Australia: Needed proactive, sensible and sensitized communication

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The Australian High Commission in New Delhi is doing a United Colors of Benetton. The walls of the embassy building and the visa office look like giant billboards with happy and colorful pictures of “Australians” - of different races, national origins, skin color - being displayed. Huge billboard size pictures all, happy and together, with the words “Multicultural Australia” in bold. There were pictures of Asians, Africans, Arabs, Anglo Saxons and also Indians. This did not exist earlier, definitely a first in the capital, as the Aussies try to look coherent in their denial of racist attacks on Indians in Australia.

The straight talking Aussies suddenly are defensive and fumbling for answers in the face of a relentless campaign by Indian media. Australia’s image has never been so badly dented in India. In all their official communication, the Australians have denied that these attacks are racist, and, an attempt is being made to club them with regular street crimes. Then, they announce a person of Indian origin (Peter Varghese) to be the next High Commissioner to India, also announce that they are sending the largest contingent to Commonwealth Games in India and put up billboards on embassy walls to counter the negative publicity. Despite all this, there was a 46% drop in student applications to Australian campuses from India this year. India contributes the most to Australia’s $ 15 billion education industry.

Where the Australians are going wrong is in their failure to acknowledge the possibility of a ‘pattern’ in the violence. This acknowledgment is lacking in all their communication (which has been very few) to Indian media. It is not a question of whether the country is safe or not. Rather than denying the possibility of racism altogether what should be communicated is that the Australian system is sophisticated and sensitized enough to grasp the nature of the problem and then deal with it. The comments by the Victorian Police Commissioner on safety statistics do not help and one wonders why is he speaking to the media at all? Discrimation/racism exists in every society and all claims to the contrary is total B******* … everybody knows that, especially Indians who live amidst diversity and conflicts all their lives. Anybody who has ever lived in a different culture also understands that some form of Aversive racism exists in every society. It’s human.

There is a convergence of strategic interests between both the countries. The bilateral relationships, trade, people to people contacts have never been so good. Both have an interest in the stability of Asia and preventing Chinese dominance of Asia. Besides, Australia too wants to be seen as a part of the Asia Pacific Community rather than being seen with the western bloc. However, the Australians need to be proactive and communicate better and LOOK SENSITIZED in the media. Their communication now seems more like defensive posturing or just plain gimmickry.

(Source: Mail Today)

Suggestions/Critiques welcome.



Potential of text messaging for Public Diplomacy in India

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Of all the different mediums that are available for practitioners of Public Diplomacy to engage India, mobile phones remain underutilized. Mobile phone penetration in India is huge. It is the fastest growing mobile phone market in the world with companies adding over 15 million users every month. As of March 2009, India has 392 million mobile phone users. This figure is expected to reach 500 million beginning of 2010, and by 2015 the country is expected to have a billion plus users.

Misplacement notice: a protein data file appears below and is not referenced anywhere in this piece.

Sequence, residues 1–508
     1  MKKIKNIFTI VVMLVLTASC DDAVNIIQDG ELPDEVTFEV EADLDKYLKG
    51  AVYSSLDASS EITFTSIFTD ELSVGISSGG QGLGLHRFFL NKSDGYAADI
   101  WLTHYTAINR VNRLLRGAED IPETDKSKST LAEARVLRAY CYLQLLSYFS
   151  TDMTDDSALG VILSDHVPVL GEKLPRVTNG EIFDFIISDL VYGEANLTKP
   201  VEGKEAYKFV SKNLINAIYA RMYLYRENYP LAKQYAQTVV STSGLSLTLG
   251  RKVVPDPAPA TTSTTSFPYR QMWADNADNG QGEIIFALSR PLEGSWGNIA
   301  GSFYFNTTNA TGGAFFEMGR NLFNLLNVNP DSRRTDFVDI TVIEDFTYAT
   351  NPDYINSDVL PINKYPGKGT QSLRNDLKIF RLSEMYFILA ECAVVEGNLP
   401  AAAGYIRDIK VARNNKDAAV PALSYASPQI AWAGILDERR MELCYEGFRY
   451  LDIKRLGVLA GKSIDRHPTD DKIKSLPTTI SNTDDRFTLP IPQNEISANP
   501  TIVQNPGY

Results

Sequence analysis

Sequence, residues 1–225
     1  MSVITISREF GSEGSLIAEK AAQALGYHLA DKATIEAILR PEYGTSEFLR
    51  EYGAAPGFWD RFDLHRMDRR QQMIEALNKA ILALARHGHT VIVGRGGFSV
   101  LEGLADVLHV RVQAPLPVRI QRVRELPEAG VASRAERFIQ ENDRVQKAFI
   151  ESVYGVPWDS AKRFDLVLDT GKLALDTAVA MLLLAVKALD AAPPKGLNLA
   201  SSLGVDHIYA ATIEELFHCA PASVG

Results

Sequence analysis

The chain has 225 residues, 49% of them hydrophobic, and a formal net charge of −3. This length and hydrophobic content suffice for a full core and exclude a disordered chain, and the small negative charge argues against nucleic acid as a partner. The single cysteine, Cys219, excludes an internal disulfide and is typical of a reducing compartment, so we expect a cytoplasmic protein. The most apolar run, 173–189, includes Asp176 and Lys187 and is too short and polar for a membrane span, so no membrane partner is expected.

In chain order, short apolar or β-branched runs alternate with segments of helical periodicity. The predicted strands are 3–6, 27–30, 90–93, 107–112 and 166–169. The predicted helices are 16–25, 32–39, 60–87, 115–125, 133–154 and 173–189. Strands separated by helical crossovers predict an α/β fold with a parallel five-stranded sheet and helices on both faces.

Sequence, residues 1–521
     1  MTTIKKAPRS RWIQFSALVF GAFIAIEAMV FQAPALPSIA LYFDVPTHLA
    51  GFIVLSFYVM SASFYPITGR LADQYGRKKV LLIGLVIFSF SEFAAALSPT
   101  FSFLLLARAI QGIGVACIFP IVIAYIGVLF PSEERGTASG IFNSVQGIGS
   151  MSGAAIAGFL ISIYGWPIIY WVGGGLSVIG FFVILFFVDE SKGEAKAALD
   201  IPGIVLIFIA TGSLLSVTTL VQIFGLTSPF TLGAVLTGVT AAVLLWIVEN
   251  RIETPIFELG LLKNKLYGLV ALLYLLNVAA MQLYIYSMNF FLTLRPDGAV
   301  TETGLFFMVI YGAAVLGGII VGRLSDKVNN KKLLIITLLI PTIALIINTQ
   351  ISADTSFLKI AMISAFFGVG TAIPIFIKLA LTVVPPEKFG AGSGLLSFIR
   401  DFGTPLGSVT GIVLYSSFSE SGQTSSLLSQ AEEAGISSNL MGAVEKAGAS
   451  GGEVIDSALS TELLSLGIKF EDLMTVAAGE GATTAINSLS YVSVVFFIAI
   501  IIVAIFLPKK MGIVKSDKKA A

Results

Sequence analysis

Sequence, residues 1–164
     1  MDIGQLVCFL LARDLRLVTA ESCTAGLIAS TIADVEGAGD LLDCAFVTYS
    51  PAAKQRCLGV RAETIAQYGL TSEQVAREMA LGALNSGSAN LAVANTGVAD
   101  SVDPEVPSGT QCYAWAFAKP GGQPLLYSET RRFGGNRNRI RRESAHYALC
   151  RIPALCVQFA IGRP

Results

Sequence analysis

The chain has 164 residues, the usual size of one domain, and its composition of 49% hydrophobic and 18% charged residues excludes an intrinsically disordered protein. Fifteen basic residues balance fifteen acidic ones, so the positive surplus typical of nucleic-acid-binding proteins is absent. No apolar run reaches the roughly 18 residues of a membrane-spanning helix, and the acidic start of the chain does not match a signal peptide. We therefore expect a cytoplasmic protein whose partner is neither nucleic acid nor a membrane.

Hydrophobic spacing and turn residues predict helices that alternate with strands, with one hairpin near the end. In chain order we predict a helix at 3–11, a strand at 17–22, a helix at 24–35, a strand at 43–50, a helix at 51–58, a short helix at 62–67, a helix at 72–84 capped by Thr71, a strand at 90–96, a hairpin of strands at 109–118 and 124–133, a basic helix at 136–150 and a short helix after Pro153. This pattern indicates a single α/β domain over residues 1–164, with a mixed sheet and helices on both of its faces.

With the high penetration of mobile phones, text messaging has become an important tool to educate, inform, mobilize, engage Indians. India’s recent elections saw political parties using text messaging for campaigns. Civil society groups too have made innovative use of text messaging. A campaign that comes to mind is Sachche ko Chune, Achche ko Chune (Vote for the Honest, Vote for Good People), by the Association for Democratic Reforms, or ADR, a non-governmental organization (NGO). This was a SMS campaign that lets you send a text with your zip code, and, ADR sends the latest information about one’s constituency and the candidates contesting elections. NDTV’s campaign seeking text message signatures from the public to build pressure on government’s prosecution machinery, in the high profile Jessica Lal murder case, is also well known. Corporate groups already are making good use of text messaging in customer servicing from placing requests, generating feedbacks to paying bills etc.

Recently, Google launched its SMS text message service in India,, (already available in US) for mobile phone users who wish to find out information from Google about business listings, movie showtimes and other local or web information by sending queries to a specified number from their phones. Apparently, mobile phone users who do not have web browser or Internet access via their phones can still ping Google for information via SMS.

Mobile phone, especially text messaging, is growing as a preferred mode of communication in India. Cellular operators, too have been really enterprising with their tariff plans and handset prices and in India it is very normal to see a petty shopkeeper or a rickshaw puller flaunting a cellular phone. The potential for engagement is tremendous through this medium for creative minds.

Suggestions/Critiques welcome

-- Madhur
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